Human trafficking is the third biggest international crime industry of the planet. It involves mostly girls from poor, vulnerable environments, young people without any perspective, kidnapped and shuffled on the market. The EU external border regions are particularly challenged by this phenomenon, and the ENPI CBC “Nor for sale” project – implemented across Romania and the Republic of Moldova – has been tackling the issue.

Cross-border cooperation brings a positive change to the lives of youth living along the EU external borders

Youth were a cross-cutting issue on the agenda of the European Week of Regions and Cities which took place in Brussels on 8-11 October. “Young people have to play a role in the regions” underlined Pavel Telicka, Vice-President of the European Parliament, during the closing session. And this statement truly reflected the spirit of the workshop “Bringing together youth along the external borders of the European Union” organised by DG NEAR in cooperation with TESIM on 11 October. The invited young speakers showcased how cross-border cooperation helped them become actors of positive change in their regions.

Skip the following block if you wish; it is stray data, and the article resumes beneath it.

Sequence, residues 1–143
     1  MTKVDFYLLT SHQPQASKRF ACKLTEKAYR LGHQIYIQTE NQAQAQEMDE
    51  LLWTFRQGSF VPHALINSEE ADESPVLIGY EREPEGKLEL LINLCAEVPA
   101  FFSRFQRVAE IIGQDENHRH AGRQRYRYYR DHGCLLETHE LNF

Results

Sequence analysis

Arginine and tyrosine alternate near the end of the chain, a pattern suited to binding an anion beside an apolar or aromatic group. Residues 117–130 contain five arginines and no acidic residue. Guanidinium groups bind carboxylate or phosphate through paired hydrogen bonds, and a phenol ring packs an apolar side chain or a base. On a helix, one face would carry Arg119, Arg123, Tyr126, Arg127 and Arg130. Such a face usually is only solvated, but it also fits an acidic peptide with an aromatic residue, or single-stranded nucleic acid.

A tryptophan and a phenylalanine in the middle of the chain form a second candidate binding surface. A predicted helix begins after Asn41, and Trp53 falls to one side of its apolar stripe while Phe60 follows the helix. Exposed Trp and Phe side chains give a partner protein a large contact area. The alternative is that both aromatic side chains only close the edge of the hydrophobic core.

A chance to forgive and to make up: youth mediation

Who hasn’t made a mistake in their life? Growing up is a journey often marked with tough decisions on education, hobbies, friends, social environment etc. It is easy to make a few wrong choices and get into some disputes along the way. Left unresolved, these choices and disputes can get out of control and have much harder consequences for the young people involved. What can be done to limit this potential damage?

Getting blind people out of their darkness